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Horse Tracks: Future Foundations

If the Denver Broncos want to get back on the right track in 2016, they will have to improve their play in the trenches and their best bet for long-term success there is investing proper draft capital and free agent money on the offensive and defensive lines.

Jake Roth-USA TODAY Sports

Good Morning, Broncos Country.

It all starts in the trenches.  It may be cliche, but it's self-evident -- if you lack efficacy at the line of scrimmage, your team is going to struggle.

In their past two games against the Atlanta Falcons and San Diego Chargers, the Denver Broncos' play in the trenches was quite poor and a primary culprit for two consecutive defeats. In fact, consistency has been a major issue for the team in that respect for most of the season.  A lot of it has to do with execution, but the wealth of injuries the Broncos have endured on the offensive line in the first six games of the season certainly hasn't helped matters.

To date, Denver ranks 19th in the league in rushing, averaging only 98.5 yards per game on the ground and a paltry 3.8 yards per carry.  Even worse is their 27th ranked passing offense, which is averaging a hair under 225 yards per contest.  The Broncos have faced some vulnerable defenses this year, but have not been able to capitalize in grand fashion against them.  Their 23.3 points per game is middle of the road, good enough for a ranking of 16th league wide.

Quite frankly, the Broncos poor offensive outings are a handicap to the team's weekly and long-term success.  A lot of criticism has been given towards Trevor Siemian, but it's important to remember that in order for a quarterback to perform well, he has to be given adequate time to make plays in the pocket and furthermore, has to have a legitimate running game that can consistently gain yardage on first and second downs in order to put him in the best position to convert third downs and other situations as routinely as possible.

It's something that Head Coach Gary Kubiak knows all to well, and was very blunt about the team's issues in that regard to date. In order for the offense to start clicking, they have to do a better job at the point of attack.

"Offensively we’ve been really struggling, struggling up front and having a bunch of penalties. We have to play better," stated Kubiak.

"We started the season playing really well up front, I would even say into week three going to Cincinnati, Ty’s first start. We have to get back on track here and stay away from negative football plays and we have to give our quarterback a chance to operate. We have to all play better, it’s everybody," added Kubiak.

It isn't just on offense that the Broncos are struggling in the trenches, it extends to the defense as well.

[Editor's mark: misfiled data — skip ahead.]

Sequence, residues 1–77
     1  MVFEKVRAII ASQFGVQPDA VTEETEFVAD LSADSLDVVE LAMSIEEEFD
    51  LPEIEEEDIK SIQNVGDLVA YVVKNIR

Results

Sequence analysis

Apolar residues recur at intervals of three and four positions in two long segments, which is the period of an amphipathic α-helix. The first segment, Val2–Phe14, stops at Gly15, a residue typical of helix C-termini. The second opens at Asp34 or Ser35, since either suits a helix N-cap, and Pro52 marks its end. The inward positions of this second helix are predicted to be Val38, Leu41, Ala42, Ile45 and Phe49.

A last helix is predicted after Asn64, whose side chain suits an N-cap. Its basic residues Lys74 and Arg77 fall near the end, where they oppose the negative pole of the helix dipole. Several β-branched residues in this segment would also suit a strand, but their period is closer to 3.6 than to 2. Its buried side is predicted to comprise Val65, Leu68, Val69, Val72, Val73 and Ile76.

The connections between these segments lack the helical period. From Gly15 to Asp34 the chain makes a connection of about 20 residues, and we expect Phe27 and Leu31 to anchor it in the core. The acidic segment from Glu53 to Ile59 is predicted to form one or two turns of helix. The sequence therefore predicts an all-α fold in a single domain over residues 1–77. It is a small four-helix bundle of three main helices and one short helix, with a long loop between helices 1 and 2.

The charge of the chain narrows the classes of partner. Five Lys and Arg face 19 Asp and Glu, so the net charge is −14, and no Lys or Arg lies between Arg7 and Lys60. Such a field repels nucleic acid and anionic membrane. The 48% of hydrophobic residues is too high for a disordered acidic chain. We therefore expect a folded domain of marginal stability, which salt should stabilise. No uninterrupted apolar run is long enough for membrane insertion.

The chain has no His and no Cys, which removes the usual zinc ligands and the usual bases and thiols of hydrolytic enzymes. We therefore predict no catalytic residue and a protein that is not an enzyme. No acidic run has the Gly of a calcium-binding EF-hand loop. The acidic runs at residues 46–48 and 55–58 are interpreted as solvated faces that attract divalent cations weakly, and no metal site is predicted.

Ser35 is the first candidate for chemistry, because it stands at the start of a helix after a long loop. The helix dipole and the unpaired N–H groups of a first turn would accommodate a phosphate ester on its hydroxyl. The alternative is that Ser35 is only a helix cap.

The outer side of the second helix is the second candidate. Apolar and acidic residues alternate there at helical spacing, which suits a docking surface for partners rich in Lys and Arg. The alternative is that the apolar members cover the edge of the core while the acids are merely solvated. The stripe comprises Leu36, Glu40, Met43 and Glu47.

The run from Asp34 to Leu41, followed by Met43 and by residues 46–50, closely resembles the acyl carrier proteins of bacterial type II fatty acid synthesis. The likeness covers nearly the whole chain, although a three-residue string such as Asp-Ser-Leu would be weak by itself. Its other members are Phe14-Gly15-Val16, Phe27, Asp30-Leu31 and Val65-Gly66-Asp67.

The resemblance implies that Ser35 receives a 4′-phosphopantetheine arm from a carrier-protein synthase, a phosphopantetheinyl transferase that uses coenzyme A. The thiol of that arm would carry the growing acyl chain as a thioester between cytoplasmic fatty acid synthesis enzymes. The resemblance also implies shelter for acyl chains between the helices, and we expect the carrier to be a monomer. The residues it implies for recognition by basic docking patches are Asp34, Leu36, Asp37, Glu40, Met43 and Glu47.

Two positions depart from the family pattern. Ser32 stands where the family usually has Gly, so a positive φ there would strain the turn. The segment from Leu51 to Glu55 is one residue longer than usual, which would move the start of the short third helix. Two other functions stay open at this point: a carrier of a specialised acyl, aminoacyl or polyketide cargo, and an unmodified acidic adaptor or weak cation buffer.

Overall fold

On the season, opponents are averaging 4 yards a carry on the ground against the Broncos and nearly 113 yards per contest.  Additionally, they have also allowed 6 rushing touchdowns so far this season. To put those numbers into perspective, Denver's defense only allowed 3.3 yards per carry in 2015, which roughly averaged out to 84 yards a game and only ten rushing touchdowns. That's a vast difference in performance.

Moreover, in 2015, opposing teams only had one gain of 40 yards or more, and only 5 runs of 20 yards or more on 408 rushing attempts. Six games into their 2016 campaign, the Broncos have allowed 2 runs of 40 yards or more and 4 runs of 30 or more on 169 rushing attempts. Those statistics help put into perspective that the team's defense has some issues going for it, especially with their play up front.

If the Broncos want to be better this year, they have to improve how they are playing up front. That's a big order to accomplish, especially given the lack of talent they have at defensive end and defensive tackle outside a few players.  One of the first switches I would make is placing Darius Kilgo as a starter over Sylvester Williams at nose tackle.  I feel that Kilgo's play against the run is much better, and would be a boost to the Broncos' rushing defense if he were to see more snaps.

If they want to be great long-term, it would be wise for them to allocate draft capital in the way of high round selections on the offensive and defensive lines that give them longevity for the future.  Better yet, the Broncos should be significant players (given the amount of cap space they have in 2017) and seek to add a top-tier addition on both sides of the line.

As always. thank you for reading and here is today's offering of Horse Tracks.

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